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Friday, March 27 • 08:00 - 17:00
[VIRTUAL] Time-Related Differences in Driving Aggression: Do Daily Stressors Increase Parking Lot Aggression Behaviors?

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Many studies have shown that both work-related stress and driving aggression are on the rise. This study aimed to observe the effects of daily life and work-related stressors on driving aggression in a sample of 60 drivers in a busy parking lot.  Using naturalistic observation paired with time sampling, 30 drivers were observed at Cary Towne Center Mall on a Wednesday morning between the hours of 8 AM and 9 AM and then 30 drivers were observed at the same place on the same day between the hours of 5 PM and 6 PM. Data was then analyzed using a 2x2 Chi-Square (x2) test. The chi-square analysis revealed that the data collected was not significant enough to disprove the null hypothesis. Since the test is not statistically significant, I failed to reject the null hypothesis that there is no difference in the frequency of aggressive driving behavior across morning and evening drivers searching for parking. These findings indicate that the observational data did not identify a definite consequential relationship between time of day and aggressive driving behavior. More research is needed to identify whether or not work and daily stressors are mediating variables to the increase of aggressive driving behaviors and accidents seen during end-of-day travel times.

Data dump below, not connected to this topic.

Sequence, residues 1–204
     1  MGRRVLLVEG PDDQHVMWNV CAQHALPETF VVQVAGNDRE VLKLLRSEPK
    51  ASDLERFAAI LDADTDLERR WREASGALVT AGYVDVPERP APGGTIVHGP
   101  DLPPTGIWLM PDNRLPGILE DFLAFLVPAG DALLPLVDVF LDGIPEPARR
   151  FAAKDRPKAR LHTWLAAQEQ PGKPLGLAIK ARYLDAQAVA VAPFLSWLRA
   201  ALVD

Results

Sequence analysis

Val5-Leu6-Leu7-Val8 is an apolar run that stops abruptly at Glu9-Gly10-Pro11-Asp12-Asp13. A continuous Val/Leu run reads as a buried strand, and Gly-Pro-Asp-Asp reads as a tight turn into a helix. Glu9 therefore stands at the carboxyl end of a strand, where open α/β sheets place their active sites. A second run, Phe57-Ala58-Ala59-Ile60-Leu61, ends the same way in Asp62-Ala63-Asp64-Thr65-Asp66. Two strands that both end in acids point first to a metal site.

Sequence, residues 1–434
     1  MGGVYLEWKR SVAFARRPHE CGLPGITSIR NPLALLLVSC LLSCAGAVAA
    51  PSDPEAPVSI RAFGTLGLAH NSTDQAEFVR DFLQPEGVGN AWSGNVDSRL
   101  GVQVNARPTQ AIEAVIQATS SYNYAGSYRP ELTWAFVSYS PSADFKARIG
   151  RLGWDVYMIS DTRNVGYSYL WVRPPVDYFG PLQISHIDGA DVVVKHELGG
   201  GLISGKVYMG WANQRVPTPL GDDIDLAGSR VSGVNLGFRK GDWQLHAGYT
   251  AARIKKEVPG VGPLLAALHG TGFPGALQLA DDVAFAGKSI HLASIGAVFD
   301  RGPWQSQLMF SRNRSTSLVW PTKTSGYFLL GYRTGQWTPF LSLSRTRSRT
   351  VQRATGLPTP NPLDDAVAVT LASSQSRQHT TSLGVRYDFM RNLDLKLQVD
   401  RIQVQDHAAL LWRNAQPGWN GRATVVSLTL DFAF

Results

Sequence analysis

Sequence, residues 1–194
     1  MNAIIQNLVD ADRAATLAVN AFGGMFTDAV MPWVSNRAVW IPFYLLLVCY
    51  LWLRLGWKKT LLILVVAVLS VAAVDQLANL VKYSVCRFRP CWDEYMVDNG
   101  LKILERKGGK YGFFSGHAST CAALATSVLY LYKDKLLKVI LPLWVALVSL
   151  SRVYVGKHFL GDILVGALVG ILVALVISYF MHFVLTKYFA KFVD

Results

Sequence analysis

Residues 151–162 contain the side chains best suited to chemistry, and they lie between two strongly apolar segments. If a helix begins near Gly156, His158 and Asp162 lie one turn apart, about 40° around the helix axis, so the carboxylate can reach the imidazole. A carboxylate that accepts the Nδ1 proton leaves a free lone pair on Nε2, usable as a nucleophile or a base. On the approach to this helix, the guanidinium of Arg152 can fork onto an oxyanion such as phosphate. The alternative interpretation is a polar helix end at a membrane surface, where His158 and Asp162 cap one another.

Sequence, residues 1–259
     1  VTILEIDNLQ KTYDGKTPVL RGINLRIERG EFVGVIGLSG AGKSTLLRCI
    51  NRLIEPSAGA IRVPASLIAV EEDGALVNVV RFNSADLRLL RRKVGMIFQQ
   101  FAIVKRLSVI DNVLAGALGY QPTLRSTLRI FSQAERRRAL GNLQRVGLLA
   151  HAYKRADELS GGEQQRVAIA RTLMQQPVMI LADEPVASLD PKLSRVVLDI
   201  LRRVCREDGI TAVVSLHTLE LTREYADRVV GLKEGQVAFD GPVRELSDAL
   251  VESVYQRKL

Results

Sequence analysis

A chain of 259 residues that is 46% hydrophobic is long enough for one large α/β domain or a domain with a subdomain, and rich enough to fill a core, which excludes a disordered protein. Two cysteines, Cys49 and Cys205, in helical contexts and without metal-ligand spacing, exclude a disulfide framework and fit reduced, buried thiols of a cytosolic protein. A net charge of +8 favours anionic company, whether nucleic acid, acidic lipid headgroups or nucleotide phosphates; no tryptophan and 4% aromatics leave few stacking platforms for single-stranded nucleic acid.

avatar for Dr. Katherine Van Allen

Dr. Katherine Van Allen

Associate Professor, Psychology, Campbell University

Friday March 27, 2020 08:00 - 17:00 EDT